Now it wants to use that on-the-job experience to provide quick shelter for those who might be affected by future disasters.
Presenter: Pacific Correspondent, Campbell Cooney
In Sydney: Laura Keenan, firstname.lastname@example.org, +61 2 9235 6547
Samoa, March 23, 2012 - During her first visit to the Pacific as World Bank Regional Vice President for East Asia and Pacific, Pamela Cox met today with people affected by the 2009 tsunami in Samoa, and emphasized the need for Pacific Island countries to act today to prepare for tomorrow in managing risks from natural disasters and external economic shocks.
In June 2009 Samoa was the set for the popular TV program Survivor. It was a fantastic choice. It is one of those picture-perfect places–shady palms, trees dripping with fruit, blossoming hibiscus, all framed by powder sand beaches. It is a vastly understated paradise.
A few months later, the country was once again centre stage. This time for something utterly distressing and heart-breaking as the country embarked on the harrowing search for real life survivors after they were struck by a powerful tsunami on 29 September 2009.
Strong growth in developing East Asia faces risks from global uncertainty and natural disasters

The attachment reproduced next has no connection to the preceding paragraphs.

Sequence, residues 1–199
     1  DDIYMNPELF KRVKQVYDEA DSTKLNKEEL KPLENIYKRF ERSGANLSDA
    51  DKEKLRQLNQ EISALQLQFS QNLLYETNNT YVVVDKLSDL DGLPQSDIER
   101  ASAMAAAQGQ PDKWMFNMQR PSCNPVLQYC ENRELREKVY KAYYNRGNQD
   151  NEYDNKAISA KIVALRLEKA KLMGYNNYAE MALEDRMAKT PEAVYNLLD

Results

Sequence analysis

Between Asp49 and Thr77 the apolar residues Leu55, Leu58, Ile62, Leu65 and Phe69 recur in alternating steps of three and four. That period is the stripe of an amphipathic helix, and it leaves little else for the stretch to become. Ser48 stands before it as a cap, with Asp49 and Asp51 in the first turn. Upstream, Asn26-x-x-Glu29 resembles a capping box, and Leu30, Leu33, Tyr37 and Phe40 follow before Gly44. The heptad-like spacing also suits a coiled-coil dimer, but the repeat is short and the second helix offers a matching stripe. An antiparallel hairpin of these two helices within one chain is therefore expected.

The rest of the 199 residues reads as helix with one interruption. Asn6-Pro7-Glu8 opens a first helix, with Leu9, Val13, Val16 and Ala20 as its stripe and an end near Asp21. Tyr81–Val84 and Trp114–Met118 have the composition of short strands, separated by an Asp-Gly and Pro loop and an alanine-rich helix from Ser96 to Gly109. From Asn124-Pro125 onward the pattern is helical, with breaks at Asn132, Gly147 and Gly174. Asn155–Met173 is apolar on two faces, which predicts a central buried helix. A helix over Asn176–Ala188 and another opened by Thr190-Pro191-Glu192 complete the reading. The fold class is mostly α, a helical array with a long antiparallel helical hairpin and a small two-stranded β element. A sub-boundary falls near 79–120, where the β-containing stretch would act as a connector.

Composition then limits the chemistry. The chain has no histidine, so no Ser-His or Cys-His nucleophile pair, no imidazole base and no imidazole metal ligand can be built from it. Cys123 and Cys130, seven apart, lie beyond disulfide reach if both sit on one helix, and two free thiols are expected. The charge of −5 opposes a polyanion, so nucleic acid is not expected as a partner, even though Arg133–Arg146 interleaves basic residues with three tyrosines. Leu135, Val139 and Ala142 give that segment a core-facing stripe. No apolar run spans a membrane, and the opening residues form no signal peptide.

Press Release No:2012/160/EAP
Singapore, November 22, 2011 — Growth is still strong in developing East Asia, but continues to moderate mainly due to weakening external demand, underscoring the need for governments to refocus on reforms to increase domestic demand and productivity, says the World Bank in its latest East Asia and Pacific Economic Update released today.
EMERGENCY UPDATE - Needs Still Gr eat in Pakistan and Horn o f Africa
Recent months have seen large-scale flooding in Asia, Latin America, and a massive earthquake in Turkey. Thank you to donors who have responded to the needs displayed on our media – the spread of the Caritas network means we can direct such funds to places you specify. Our appeals are still open for the huge need that continues to exist for Pakistan and the Horn of Africa.